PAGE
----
13. Bob, my dear husband, gets the last full mile of this race, for too many reasons to mention.  Not the least of which is that he puts up with me.  And sometimes pretends to listen to my chatter about running.
When my body starts working, my brain stops.  So I need a cheat sheet.

When my body starts working, my brain stops. So I need a cheat sheet.

And the last .1 is for ME.  (I said I’d #Run3rd, but I guess I’m running 14th, really!)  I hope to have enough juice to crank out this little bit for a strong, fast finish that I can feel good about.

Thanks in advance to everyone on this for helping to inspire me through this race.  Hope I make everyone proud.  Here goes nothin’!


*It also doesn’t read like a list of people upon whom I’d like to exact revenge – people whose names would help me pound out angry mile after angry mile.  Like Galen, that kid in first grade who’d steal my paste and eat it; that guy in junior high who said I was fat because wasn’t a stick like the other girls at that age; or people who stand too close to me the grocery store checkouts.  But I could see the utility of that type of list, as well.


Slacka$$! And Weird Data

Just for fun, I thought I’d play a little bit of catch up before the pre- and post-race excitement begins here shortly (expo TOMORROW!).  I’d been dragging my feet like crazy about blogging here, primarily because we’d all been dragging our feet – almost literally – about running.

My intentions were good.  Soooo good.  I was going to train, train, train for the Pittsburgh half marathon, once I’d finally gotten registered in December.  Then winter set in.  Set in hard.  But you know about that, and I’m sure neither of us feels like revisiting that topic, now that the weather has begun its attempt to look like spring.

So rather than writing posts titled things like, “Look How Few Miles I Ran This Week!”   Or, “Taking Sleeping in to a New Level,” I haven’t spent a lot of time on here.

I haven’t done a monthly rundown all year.  But now that Mother Nature finally started to cooperate, and we’re all able to start running consistently again, I thought I’d recap the last four months.  And then I went to Garmin Connect for my reports, and realized that something was amiss.  Check this out:

What's wrong with this picture?

What’s wrong with this picture?

I had to go back and check, entry by entry for January, and discovered a run, from January 6th, recorded as:

44 Miles
6:53 Minutes
Making the average pace :09/mile

Here’s where my watch seems to think I was:

Was I going in two directions at once?

Proving what I feel like all the time: Going in more than one direction at the same time

I’ve done that thing before where I’ve forgotten to stop my watch and got in the car to drive home.  But clearly, this was something glitchy, as I can neither drive my car 400 MPH, nor fly (which the map would pretty much insist I was doing).  Amusingly glitchy.  THIS turns out to be the reason I also record my workouts in a notebook, with additional details like what the weather’s like and whether or not the gear I’m wearing is sufficient for the day’s elements.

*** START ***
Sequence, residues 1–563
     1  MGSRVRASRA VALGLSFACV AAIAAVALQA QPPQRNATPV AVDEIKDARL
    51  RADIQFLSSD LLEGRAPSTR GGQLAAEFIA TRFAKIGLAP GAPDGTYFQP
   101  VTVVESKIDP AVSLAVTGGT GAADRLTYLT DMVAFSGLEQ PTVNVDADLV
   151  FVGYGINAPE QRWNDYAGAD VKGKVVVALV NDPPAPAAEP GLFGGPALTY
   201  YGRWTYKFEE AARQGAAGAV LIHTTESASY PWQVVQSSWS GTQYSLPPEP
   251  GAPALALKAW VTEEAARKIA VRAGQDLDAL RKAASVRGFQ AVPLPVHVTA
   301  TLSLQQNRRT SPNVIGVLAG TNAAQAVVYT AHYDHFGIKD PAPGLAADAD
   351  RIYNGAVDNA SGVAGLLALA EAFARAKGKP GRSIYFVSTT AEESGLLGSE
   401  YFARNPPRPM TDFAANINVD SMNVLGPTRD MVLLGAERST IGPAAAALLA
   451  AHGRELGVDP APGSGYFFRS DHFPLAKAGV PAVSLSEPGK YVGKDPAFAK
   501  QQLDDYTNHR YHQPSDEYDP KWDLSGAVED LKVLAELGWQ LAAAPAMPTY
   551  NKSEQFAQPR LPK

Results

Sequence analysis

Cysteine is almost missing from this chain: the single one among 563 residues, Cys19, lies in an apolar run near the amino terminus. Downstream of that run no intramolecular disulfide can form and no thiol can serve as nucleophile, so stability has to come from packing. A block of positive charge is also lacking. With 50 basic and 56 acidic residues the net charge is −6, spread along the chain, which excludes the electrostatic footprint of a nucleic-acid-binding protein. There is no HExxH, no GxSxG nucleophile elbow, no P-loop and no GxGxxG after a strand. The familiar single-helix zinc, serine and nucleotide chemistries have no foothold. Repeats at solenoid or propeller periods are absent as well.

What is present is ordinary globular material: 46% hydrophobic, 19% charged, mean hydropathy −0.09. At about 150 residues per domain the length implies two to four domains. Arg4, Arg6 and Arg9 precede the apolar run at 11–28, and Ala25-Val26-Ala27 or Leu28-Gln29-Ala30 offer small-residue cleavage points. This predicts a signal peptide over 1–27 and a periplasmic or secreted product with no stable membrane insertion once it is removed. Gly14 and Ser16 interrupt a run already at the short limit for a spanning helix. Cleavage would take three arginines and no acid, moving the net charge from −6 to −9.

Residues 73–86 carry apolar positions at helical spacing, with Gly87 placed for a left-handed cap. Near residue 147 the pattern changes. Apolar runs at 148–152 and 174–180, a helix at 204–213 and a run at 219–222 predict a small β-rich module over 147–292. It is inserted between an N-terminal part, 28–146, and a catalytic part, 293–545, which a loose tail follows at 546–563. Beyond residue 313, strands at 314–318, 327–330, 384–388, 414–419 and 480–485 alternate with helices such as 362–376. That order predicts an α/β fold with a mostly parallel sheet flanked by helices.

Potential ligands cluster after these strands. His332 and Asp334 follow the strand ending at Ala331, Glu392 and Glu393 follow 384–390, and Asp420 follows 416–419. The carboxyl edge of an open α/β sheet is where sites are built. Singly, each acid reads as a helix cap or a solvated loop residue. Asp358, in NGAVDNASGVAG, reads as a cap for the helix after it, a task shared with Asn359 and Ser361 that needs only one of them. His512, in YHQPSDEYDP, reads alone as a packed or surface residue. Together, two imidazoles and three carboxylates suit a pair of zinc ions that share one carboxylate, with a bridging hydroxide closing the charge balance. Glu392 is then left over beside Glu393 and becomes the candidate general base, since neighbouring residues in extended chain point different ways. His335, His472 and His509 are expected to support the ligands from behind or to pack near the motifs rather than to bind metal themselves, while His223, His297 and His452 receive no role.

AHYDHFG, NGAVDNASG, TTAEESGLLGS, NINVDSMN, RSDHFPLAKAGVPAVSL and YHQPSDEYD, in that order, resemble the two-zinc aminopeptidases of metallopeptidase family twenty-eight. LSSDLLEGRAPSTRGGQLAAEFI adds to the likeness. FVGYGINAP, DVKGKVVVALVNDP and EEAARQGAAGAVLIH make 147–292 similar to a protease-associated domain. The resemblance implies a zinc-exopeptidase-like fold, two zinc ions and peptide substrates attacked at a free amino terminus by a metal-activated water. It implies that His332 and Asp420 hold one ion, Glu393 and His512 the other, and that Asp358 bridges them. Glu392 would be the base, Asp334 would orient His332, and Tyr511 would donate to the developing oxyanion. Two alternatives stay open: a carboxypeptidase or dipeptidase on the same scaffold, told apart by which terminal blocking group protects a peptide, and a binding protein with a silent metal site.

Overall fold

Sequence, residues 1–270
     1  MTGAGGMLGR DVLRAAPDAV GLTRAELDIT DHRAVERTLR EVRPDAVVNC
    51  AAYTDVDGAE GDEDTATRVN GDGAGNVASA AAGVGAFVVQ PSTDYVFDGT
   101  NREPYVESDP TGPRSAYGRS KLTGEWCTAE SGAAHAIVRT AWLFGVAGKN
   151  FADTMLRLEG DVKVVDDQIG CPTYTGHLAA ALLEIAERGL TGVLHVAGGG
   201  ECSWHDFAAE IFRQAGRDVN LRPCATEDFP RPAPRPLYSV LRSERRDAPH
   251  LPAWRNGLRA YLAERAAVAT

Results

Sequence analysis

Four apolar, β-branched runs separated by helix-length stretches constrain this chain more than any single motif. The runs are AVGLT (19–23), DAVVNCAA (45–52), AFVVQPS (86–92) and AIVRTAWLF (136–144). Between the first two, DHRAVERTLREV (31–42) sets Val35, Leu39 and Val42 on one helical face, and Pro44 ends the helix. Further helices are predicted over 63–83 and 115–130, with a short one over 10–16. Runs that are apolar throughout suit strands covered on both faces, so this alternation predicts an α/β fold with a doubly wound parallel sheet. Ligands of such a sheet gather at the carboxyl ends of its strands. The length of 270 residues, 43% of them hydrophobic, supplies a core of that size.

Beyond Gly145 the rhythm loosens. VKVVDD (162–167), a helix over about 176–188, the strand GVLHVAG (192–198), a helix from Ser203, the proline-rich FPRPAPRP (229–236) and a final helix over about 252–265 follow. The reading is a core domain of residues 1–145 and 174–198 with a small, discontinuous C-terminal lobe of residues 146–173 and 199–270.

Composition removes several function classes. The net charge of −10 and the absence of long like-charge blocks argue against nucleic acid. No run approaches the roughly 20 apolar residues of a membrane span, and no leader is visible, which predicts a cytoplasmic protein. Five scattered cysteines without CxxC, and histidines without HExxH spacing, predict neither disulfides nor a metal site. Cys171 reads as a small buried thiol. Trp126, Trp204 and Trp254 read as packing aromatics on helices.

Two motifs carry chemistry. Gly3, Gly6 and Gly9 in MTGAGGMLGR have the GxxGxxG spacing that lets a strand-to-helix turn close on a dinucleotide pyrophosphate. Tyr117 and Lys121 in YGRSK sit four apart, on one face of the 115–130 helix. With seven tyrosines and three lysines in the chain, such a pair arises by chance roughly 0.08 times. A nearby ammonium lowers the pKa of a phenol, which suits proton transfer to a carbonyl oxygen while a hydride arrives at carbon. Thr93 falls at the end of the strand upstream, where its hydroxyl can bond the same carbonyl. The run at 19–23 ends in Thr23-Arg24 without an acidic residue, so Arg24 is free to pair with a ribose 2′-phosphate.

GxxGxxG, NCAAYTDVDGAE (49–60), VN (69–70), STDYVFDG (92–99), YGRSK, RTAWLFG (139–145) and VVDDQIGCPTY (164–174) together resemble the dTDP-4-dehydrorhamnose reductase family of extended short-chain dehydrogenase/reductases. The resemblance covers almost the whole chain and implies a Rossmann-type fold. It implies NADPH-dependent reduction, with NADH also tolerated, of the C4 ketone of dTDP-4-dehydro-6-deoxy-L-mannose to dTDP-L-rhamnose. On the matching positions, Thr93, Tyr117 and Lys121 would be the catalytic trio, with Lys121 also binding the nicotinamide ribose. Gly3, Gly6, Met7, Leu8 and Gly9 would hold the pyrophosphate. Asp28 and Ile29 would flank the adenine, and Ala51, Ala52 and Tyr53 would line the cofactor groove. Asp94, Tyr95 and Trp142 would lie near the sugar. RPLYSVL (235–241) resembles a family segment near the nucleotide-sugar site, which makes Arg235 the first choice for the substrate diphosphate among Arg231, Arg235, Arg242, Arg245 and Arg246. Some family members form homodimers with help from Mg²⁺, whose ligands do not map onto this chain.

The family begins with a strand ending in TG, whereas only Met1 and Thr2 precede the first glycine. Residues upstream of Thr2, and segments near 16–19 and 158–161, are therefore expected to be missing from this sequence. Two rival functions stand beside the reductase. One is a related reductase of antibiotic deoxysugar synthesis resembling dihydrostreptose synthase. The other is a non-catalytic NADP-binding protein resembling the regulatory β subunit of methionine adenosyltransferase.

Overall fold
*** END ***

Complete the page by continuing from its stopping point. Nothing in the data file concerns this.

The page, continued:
I had attempted to run that morning, but the temp was dropping fast at that precise hour of the morning, and the snow was blowing directly into my eyes.  I ran once around the inside lap at Lynch Field – six tenths of a mile that also registered as a line item on my Garmin activities – and then promptly drove back home.

Anyway.  As much as I’d love to know how that weird Garmin thing happened, let’s just fix this.

That looks more like it

That looks more like it


Check out February, when only seven runs were completed.  UGH, it makes me sad to think about what more could have been achieved in better weather.  However, it’s also interesting that I was spent roughly the same amount of time running in January as I did in February, even though January included almost twice as many outings.

Now that I’ve reviewed the year to date, I have one final training run – a short run of 20-30 minutes, followed by a handful of strides – that I’ll do in the morning.  Then I’ll be toeing the line in three days for the half marathon.  I can’t wait to get there and finally experience my first big race!

Next week, I’ll take a few days off and then get back to my routine of running three days a week, plus my long run on the weekends.  I have to consult some “experts” (my more seasoned running friends) about how soon it’s acceptable to do another long run, and what distance makes sense.  I am hoping to actually do what I intended to do after September’s half marathon, after which I was sidelined with a three-week cold, which is to begin doing weekly long runs of 8+ miles, whether I’m training for something or not.  The idea is to keep my endurance level UP so that, for the next race, I can focus on building more speed.  I’ll continue to search for a fall half marathon that’s inexpensive and that I can drive to one Saturday or Sunday morning in October or November.   I’m hopeful that this is the kick-off of several more months of 80+ mile months and another half marathon in my near future.